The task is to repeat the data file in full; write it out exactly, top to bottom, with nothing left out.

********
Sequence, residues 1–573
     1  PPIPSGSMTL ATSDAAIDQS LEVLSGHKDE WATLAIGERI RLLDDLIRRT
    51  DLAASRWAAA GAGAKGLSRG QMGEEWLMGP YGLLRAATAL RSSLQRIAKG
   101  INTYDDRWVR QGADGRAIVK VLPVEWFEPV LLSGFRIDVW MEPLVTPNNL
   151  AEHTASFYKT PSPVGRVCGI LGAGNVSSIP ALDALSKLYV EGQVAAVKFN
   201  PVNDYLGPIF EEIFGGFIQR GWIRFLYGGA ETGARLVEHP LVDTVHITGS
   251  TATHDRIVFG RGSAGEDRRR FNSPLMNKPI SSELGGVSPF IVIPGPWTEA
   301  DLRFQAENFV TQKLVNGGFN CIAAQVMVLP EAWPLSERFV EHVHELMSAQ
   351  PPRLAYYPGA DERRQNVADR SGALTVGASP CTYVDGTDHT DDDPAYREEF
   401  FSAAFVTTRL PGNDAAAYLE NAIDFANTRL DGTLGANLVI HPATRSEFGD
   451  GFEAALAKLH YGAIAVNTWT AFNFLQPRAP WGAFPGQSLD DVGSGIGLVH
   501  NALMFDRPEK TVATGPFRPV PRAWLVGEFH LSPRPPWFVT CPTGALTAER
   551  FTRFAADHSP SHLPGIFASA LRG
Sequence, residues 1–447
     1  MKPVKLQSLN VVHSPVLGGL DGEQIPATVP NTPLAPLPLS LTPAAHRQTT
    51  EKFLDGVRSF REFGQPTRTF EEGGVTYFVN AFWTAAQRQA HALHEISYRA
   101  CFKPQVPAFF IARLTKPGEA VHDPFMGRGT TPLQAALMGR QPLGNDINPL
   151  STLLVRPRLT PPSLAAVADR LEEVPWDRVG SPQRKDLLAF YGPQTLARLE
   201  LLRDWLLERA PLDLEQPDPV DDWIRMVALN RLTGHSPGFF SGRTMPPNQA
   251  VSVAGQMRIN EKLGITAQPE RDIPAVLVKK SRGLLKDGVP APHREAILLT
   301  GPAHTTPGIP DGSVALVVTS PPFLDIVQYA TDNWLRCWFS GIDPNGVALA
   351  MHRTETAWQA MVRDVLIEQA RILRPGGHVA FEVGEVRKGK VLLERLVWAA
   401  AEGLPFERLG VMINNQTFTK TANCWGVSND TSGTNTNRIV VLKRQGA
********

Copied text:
Sequence, residues 1–573
     1  PPIPSGSMTL ATSDAAIDQS LEVLSGHKDE WATLAIGERI RLLDDLIRRT
    51  DLAASRWAAA GAGAKGLSRG QMGEEWLMGP YGLLRAATAL RSSLQRIAKG
   101  INTYDDRWVR QGADGRAIVK VLPVEWFEPV LLSGFRIDVW MEPLVTPNNL
   151  AEHTASFYKT PSPVGRVCGI LGAGNVSSIP ALDALSKLYV EGQVAAVKFN
   201  PVNDYLGPIF EEIFGGFIQR GWIRFLYGGA ETGARLVEHP LVDTVHITGS
   251  TATHDRIVFG RGSAGEDRRR FNSPLMNKPI SSELGGVSPF IVIPGPWTEA
   301  DLRFQAENFV TQKLVNGGFN CIAAQVMVLP EAWPLSERFV EHVHELMSAQ
   351  PPRLAYYPGA DERRQNVADR SGALTVGASP CTYVDGTDHT DDDPAYREEF
   401  FSAAFVTTRL PGNDAAAYLE NAIDFANTRL DGTLGANLVI HPATRSEFGD
   451  GFEAALAKLH YGAIAVNTWT AFNFLQPRAP WGAFPGQSLD DVGSGIGLVH
   501  NALMFDRPEK TVATGPFRPV PRAWLVGEFH LSPRPPWFVT CPTGALTAER
   551  FTRFAADHSP SHLPGIFASA LRG
Sequence, residues 1–447
     1  MKPVKLQSLN VVHSPVLGGL DGEQIPATVP NTPLAPLPLS LTPAAHRQTT
    51  EKFLDGVRSF REFGQPTRTF EEGGVTYFVN AFWTAAQRQA HALHEISYRA
   101  CFKPQVPAFF IARLTKPGEA VHDPFMGRGT TPLQAALMGR QPLGNDINPL
   151  STLLVRPRLT PPSLAAVADR LEEVPWDRVG SPQRKDLLAF YGPQTLARLE
   201  LLRDWLLERA PLDLEQPDPV DDWIRMVALN RLTGHSPGFF SGRTMPPNQA
   251  VSVAGQMRIN EKLGITAQPE RDIPAVLVKK SRGLLKDGVP APHREAILLT
   301  GPAHTTPGIP DGSVALVVTS PPFLDIVQYA TDNWLRCWFS GIDPNGVALA
   351  MHRTETAWQA MVRDVLIEQA RILRPGGHVA FEVGEVRKGK VLLERLVWAA
   401  AEGLPFERLG VMINNQTFTK TANCWGVSND TSGTNTNRIV VLKRQGA